The French Institute was founded by Father Wilfrid J. Dufault, A.A., the late chancellor emeritus of the College, and Dr. Claire Quintal, founding director emerita, in order to honor the memory of the French heritage of Assumption College and our region.  Although its main goals are to foster the preservation and study of French ethnicity on this continent, the name French Institute (Institut français) was chosen for its ability to encompass the entire francophone world.

    The personal collection of Dr. Claire Quintal formed the early nucleus of the French Institute holdings.  The donation of their fine library by the Fall River Dominicans greatly enhanced the Institute’s book collection, which also grew with gifts of duplicate books by ACA Assurance (formerly the Association Canado-Américaine) and the Union Saint-Jean-Baptiste d’Amérique (now part of Catholic Financial Life).  From 2003 to 2005, book donations by Dr. Armand Chartier, Judge Arthur L. Eno, Dr. Gerard Brault, and others expanded our library significantly.  Documents and artifacts include rich private archives donated by the Jobin-Thibodeau family, the estate of Dr. Paul Chassé, and the late Wilfrid J. Michaud, Jr.  In 2004, the Institute’s collection was complemented by the arrival on campus of the Mallet Library of the Union Saint-Jean-Baptiste d’Amérique, a magnificent collection of Franco- and Native-Americana begun by a successful Franco-American immigrant, Major Edmond Mallet, in the late 19th century.  Most recently, the French Institute has welcomed the historical archives of the American province of the Religious of Jesus and Mary as well as the archives of the Association Canado-Américaine.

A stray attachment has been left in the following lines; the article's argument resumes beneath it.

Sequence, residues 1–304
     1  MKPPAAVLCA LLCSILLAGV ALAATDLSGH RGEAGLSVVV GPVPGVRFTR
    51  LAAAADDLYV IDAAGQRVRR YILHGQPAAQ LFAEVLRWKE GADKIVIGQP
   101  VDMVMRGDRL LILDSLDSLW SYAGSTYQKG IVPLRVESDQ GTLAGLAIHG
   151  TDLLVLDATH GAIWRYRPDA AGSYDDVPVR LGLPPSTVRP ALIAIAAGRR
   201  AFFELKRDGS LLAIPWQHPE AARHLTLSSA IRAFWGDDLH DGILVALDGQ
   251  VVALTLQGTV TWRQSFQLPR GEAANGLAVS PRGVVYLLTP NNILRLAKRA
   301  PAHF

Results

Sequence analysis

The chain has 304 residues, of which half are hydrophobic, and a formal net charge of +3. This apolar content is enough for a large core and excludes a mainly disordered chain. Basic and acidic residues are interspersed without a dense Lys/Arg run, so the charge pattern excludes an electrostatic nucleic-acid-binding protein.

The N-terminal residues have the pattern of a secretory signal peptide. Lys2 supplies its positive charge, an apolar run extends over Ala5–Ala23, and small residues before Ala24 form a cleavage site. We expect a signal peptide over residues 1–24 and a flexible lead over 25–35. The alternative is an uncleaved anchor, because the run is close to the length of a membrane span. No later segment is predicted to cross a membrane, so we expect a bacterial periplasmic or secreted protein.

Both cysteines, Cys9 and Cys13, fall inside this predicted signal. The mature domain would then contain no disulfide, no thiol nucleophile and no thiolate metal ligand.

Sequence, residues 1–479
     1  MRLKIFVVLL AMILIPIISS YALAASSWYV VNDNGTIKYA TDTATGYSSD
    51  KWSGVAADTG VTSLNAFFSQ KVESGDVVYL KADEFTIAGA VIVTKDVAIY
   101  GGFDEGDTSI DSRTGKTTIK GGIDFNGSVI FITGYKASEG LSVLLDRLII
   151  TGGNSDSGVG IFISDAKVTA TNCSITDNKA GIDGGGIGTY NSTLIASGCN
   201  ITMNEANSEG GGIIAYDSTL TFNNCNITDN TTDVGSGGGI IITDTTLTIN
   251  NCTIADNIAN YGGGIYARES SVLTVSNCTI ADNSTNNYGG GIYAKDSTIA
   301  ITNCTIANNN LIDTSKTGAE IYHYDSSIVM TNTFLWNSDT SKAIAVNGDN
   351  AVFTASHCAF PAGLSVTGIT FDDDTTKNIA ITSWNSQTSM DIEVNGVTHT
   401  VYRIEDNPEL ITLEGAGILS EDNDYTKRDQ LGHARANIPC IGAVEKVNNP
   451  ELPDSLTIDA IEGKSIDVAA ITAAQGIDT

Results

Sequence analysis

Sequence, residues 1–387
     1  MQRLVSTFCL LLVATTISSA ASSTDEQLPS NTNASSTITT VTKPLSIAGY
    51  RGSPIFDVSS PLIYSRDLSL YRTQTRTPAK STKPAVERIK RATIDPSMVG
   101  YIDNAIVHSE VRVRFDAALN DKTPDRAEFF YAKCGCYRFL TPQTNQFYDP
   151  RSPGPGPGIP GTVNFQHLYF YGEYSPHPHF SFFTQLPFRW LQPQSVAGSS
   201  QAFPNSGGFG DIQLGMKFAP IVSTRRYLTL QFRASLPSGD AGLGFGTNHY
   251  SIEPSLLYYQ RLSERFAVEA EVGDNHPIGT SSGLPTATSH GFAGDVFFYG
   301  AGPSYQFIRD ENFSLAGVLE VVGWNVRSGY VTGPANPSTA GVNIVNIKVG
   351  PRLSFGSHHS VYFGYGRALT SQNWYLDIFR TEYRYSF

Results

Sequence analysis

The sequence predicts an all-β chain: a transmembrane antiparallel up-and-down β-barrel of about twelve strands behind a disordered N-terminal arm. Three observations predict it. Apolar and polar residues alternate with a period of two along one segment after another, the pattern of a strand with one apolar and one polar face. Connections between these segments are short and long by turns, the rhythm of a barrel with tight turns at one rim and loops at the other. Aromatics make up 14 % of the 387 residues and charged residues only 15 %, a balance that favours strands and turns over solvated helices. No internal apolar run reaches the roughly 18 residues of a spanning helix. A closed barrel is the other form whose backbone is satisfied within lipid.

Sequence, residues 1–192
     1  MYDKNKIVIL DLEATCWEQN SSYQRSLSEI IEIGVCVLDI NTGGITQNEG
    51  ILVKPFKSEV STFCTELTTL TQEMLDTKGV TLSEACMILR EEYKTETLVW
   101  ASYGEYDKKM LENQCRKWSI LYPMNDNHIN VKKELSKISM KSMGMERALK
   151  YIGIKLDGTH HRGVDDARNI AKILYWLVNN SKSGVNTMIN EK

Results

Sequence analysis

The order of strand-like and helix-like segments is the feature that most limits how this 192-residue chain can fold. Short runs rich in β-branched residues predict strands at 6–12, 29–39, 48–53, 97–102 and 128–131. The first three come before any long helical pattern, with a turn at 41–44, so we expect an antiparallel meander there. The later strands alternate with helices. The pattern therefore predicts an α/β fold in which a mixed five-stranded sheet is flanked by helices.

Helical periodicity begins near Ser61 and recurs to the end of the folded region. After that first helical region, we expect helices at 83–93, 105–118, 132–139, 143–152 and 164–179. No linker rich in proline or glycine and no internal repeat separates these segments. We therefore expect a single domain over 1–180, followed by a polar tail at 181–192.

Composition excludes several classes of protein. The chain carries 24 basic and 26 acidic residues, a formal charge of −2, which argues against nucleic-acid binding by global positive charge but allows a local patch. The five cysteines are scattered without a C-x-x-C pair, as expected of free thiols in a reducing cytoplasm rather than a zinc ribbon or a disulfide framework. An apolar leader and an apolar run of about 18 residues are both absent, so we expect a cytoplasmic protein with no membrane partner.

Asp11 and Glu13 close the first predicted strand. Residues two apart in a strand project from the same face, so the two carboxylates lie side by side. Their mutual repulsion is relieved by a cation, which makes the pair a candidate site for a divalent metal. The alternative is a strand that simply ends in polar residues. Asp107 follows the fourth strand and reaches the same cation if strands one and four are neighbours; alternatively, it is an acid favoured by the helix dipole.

During the 1980s and 1990s, the French Institute published conference proceedings on French-Canadian immigrants to the United States, the Little Canadas of New England, and Franco-American journalism, folklore, education, literature, religion, and women.  It also provided English translations of several key texts to make them readily available to non-French speakers, including The Beginnings of the Franco-American Colony in Woonsocket, Rhode Island by  Marie-Louise Bonier, The Franco-Americans of New England: A History, by Dr. Armand Chartier, and the collection Steeples and Smokestacks: The Franco-American Experience in New England, edited by Dr. Claire Quintal and now in its second edition.

  • Dr. Claire Quintal

    Professor of French and French Civilization at Assumption College for over thirty years and Dean of the Graduate School, Dr. Claire Quintal is founding director emerita of the Institut Français,where she wrote, edited and/or translated some fifteen publications, including La femme franco-americaine/The Franco-American Woman, Steeples and Smokestacks: A Collection of Essays on the Franco-American Experience in New England, and two biographies of prominent 19th- century Assumptionists.  A chevalier of France’s Legion of Honor, she is also an officier in its National Order of Merit.  She was among the first group of Americans to be awarded the congressionally sponsored Ellis Island Medal of Honor in 1986. More recently she assiduously worked on the creation of the Monument de l’Amitié/Friendship Monument in Quebec, erected on the occasion of the 400th anniversary of the founding of the city and which celebrates the strong cultural and economic ties between Québec and New England. Dr. Quintal has received honorary doctorates from Assumption College, Anna Maria College and St. Michael’s College.